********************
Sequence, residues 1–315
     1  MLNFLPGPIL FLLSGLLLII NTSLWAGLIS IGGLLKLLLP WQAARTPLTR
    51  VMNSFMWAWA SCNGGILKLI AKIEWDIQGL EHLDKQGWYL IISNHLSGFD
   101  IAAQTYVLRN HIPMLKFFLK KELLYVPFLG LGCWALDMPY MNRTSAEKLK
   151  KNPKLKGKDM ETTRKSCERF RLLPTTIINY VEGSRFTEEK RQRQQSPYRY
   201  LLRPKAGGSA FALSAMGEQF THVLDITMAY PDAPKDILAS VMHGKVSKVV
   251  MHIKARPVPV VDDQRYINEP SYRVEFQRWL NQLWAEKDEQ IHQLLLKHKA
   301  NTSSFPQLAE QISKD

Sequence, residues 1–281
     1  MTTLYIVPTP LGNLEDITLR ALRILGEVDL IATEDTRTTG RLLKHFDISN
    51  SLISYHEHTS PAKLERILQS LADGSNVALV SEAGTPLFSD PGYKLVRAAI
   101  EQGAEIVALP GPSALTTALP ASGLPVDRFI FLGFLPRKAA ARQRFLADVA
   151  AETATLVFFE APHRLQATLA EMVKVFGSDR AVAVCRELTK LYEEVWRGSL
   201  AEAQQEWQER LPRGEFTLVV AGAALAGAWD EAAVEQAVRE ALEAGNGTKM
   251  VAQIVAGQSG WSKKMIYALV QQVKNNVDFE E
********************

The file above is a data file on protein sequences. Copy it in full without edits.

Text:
Sequence, residues 1–315
     1  MLNFLPGPIL FLLSGLLLII NTSLWAGLIS IGGLLKLLLP WQAARTPLTR
    51  VMNSFMWAWA SCNGGILKLI AKIEWDIQGL EHLDKQGWYL IISNHLSGFD
   101  IAAQTYVLRN HIPMLKFFLK KELLYVPFLG LGCWALDMPY MNRTSAEKLK
   151  KNPKLKGKDM ETTRKSCERF RLLPTTIINY VEGSRFTEEK RQRQQSPYRY
   201  LLRPKAGGSA FALSAMGEQF THVLDITMAY PDAPKDILAS VMHGKVSKVV
   251  MHIKARPVPV VDDQRYINEP SYRVEFQRWL NQLWAEKDEQ IHQLLLKHKA
   301  NTSSFPQLAE QISKD

Sequence, residues 1–281
     1  MTTLYIVPTP LGNLEDITLR ALRILGEVDL IATEDTRTTG RLLKHFDISN
    51  SLISYHEHTS PAKLERILQS LADGSNVALV SEAGTPLFSD PGYKLVRAAI
   101  EQGAEIVALP GPSALTTALP ASGLPVDRFI FLGFLPRKAA ARQRFLADVA
   151  AETATLVFFE APHRLQATLA EMVKVFGSDR AVAVCRELTK LYEEVWRGSL
   201  AEAQQEWQER LPRGEFTLVV AGAALAGAWD EAAVEQAVRE ALEAGNGTKM
   251  VAQIVAGQSG WSKKMIYALV QQVKNNVDFE E